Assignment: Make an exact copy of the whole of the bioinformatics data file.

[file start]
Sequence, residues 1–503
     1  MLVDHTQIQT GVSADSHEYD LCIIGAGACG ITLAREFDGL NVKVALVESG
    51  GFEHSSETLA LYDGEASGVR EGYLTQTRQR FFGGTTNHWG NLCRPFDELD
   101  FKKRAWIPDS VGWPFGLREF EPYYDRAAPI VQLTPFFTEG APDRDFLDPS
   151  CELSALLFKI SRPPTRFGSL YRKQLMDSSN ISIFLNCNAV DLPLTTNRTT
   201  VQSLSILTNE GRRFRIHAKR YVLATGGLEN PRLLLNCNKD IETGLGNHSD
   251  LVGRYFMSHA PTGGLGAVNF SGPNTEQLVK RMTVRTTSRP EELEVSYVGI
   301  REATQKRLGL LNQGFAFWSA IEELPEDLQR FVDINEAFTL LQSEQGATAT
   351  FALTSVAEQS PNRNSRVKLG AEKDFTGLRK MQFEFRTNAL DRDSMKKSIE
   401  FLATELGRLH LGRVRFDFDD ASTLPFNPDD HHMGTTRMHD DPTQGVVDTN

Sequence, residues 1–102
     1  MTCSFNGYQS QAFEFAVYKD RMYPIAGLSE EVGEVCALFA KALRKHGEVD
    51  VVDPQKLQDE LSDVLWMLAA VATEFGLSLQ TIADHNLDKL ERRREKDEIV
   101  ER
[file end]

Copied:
Sequence, residues 1–503
     1  MLVDHTQIQT GVSADSHEYD LCIIGAGACG ITLAREFDGL NVKVALVESG
    51  GFEHSSETLA LYDGEASGVR EGYLTQTRQR FFGGTTNHWG NLCRPFDELD
   101  FKKRAWIPDS VGWPFGLREF EPYYDRAAPI VQLTPFFTEG APDRDFLDPS
   151  CELSALLFKI SRPPTRFGSL YRKQLMDSSN ISIFLNCNAV DLPLTTNRTT
   201  VQSLSILTNE GRRFRIHAKR YVLATGGLEN PRLLLNCNKD IETGLGNHSD
   251  LVGRYFMSHA PTGGLGAVNF SGPNTEQLVK RMTVRTTSRP EELEVSYVGI
   301  REATQKRLGL LNQGFAFWSA IEELPEDLQR FVDINEAFTL LQSEQGATAT
   351  FALTSVAEQS PNRNSRVKLG AEKDFTGLRK MQFEFRTNAL DRDSMKKSIE
   401  FLATELGRLH LGRVRFDFDD ASTLPFNPDD HHMGTTRMHD DPTQGVVDTN

Sequence, residues 1–102
     1  MTCSFNGYQS QAFEFAVYKD RMYPIAGLSE EVGEVCALFA KALRKHGEVD
    51  VVDPQKLQDE LSDVLWMLAA VATEFGLSLQ TIADHNLDKL ERRREKDEIV
   101  ER